3. Deals honestly and straightforwardly with issues of race: achieves equity results through an uncompromised command of the nuances of structural and overt racism.

4. Comprehensive and integrated: aggregates strategies and policies; works across sectors; and simultaneously engages community, government, and business leaders.

5. Solutions­ oriented: crafts policy based on a positive, inclusive framing that harnesses the creativity and will of diverse sectors.

6. Results­ based: grounds policy advocacy in a results framework focused on the 100 million Americans living in or near poverty.

7. Informed by disaggregated data: all policy strategies and campaigns are supported by data disaggregated by race, ethnicity, nativity, class, and gender.

8. Expands agency and power: leads with the voice, wisdom, and experience of local residents and organizations in policy development and advocacy.

9. Builds capacity: maintains a track record of building strong leaders at strong organizations by working in partnership, conducting trainings, and providing coaching and mentorship opportunities.

10. Backed by partnerships and networks: solves complex problems through strong and diverse partnerships.

PolicyLink has meaningfully contributed to advancing the national equity agenda— anchored in place, informed by disaggregated data, measured by real results on the ground, and based on a deep understanding of the nuances of structural and overt racism. Below are some examples of the PolicyLink portfolio.

• Promise Neighborhoods: Twelve communities are implementing over $800 million in programming to improve educational outcomes for 300,000 children.
• Healthy Food Financing: Delivered over $1 billion in resources to create access to healthy food in low-income communities.
Sustainable Communities: With $250 million in support, piloted the Affirmatively Furthering Fair Housing rule to ensure fair housing and create communities of opportunity.
• My Brother's Keeper: Supported the federal government and philanthropy to design and launch the nation's premier boys and men of color initiative and supported over 50 cities to advance boys and men of color programs.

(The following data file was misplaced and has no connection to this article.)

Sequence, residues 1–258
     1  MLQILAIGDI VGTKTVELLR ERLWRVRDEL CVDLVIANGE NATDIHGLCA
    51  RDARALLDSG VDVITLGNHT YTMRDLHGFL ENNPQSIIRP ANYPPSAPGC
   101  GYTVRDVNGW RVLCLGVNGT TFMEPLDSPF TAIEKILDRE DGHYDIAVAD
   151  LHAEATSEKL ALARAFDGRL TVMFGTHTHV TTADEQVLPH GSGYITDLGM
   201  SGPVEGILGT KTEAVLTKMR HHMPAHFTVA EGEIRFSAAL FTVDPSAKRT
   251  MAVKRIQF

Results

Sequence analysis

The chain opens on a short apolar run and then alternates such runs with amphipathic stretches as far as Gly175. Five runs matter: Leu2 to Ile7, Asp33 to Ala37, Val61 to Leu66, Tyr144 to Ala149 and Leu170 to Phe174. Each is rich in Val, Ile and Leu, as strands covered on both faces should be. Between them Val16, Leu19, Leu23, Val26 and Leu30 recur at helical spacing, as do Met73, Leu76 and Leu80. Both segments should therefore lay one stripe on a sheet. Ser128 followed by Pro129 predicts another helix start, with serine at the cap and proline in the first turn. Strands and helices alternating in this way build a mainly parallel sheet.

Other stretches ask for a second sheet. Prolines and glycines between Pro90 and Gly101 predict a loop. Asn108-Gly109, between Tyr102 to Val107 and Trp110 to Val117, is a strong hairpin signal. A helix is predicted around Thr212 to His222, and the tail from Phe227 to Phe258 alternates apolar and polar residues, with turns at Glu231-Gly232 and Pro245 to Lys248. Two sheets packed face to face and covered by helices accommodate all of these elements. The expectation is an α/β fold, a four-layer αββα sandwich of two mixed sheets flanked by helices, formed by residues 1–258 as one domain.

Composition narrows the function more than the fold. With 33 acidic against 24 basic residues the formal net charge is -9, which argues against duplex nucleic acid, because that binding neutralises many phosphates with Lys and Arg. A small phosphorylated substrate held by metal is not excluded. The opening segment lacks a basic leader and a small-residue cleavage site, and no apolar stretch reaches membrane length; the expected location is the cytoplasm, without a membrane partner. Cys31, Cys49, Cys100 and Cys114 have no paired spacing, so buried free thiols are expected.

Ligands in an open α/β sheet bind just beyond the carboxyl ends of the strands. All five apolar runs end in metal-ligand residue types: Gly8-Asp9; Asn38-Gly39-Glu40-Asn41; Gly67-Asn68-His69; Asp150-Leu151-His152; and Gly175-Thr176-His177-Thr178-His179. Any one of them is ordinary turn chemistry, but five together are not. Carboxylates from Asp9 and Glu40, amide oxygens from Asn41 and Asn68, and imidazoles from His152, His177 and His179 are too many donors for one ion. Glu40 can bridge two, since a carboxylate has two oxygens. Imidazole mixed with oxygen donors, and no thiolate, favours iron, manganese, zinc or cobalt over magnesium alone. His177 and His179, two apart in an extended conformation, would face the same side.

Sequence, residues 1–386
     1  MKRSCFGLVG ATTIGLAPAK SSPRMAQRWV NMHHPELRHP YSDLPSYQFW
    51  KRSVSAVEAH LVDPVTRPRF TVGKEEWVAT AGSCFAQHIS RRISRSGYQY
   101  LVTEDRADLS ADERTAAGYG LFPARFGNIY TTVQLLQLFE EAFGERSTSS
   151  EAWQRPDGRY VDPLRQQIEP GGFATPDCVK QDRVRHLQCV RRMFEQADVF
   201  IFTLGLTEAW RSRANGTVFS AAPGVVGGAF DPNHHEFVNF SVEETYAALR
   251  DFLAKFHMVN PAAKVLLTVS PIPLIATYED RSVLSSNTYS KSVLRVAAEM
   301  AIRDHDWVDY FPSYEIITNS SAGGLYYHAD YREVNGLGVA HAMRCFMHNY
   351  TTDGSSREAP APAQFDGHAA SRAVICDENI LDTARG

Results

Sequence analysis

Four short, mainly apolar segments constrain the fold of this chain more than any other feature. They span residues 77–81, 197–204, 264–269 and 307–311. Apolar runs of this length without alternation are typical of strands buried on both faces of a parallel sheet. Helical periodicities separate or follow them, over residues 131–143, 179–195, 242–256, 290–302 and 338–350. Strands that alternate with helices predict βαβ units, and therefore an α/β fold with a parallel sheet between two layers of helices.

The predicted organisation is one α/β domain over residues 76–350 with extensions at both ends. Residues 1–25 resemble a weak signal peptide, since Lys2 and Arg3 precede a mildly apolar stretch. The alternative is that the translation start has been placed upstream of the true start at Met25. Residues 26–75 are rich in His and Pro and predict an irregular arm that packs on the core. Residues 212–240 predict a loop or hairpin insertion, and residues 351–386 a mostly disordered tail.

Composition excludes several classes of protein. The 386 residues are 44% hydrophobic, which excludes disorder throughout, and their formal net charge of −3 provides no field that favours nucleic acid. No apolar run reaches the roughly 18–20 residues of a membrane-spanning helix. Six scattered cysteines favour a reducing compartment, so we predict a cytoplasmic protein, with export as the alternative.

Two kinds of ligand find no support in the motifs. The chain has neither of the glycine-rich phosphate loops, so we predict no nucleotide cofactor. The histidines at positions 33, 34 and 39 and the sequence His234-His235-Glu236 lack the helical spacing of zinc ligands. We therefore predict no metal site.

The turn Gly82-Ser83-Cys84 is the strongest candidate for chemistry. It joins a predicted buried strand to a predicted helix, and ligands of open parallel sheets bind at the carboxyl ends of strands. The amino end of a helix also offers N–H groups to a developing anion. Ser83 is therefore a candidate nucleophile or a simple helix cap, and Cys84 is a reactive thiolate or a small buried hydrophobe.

• All-In Cities: Cities are resurgent, and they are the crucibles where ambitious strategies can and must be forged to grow an economy and a society that work for all. PolicyLink is facilitating efforts in twelve cities, from Pittsburgh to New Orleans to Oakland, to advance creative solutions that foster equitable growth, community revitalization, and democratic engagement.
National Equity Atlas. This online Atllas, with easily searchable economic data analyzed by race, ethnicity, nativity, and gender, has become an indispensable tool for 30,000 users as they campaign for equity-focused policy change. Released in 2014 and continually updated, the Atlas contains unique data on demographic shifts and the economic benefits of equity for the nation's 150 largest regions, all 50 states, the 100 largest cities, and the United States as a whole.
California Alliance for Boys and Men of Color. The Alliance has secured more than 100 state and local policy victories to improve the health, education, and economic prospects of the Alliance's constituents.
National Equity Summits. Every three years, PolicyLink convenes a one-of-kind national summit with over 3,000 attendees, focused explicitly on equity, creating a deep reservoir of intellectual, strategic, and innovative thought for feeding and sustaining the equity movement.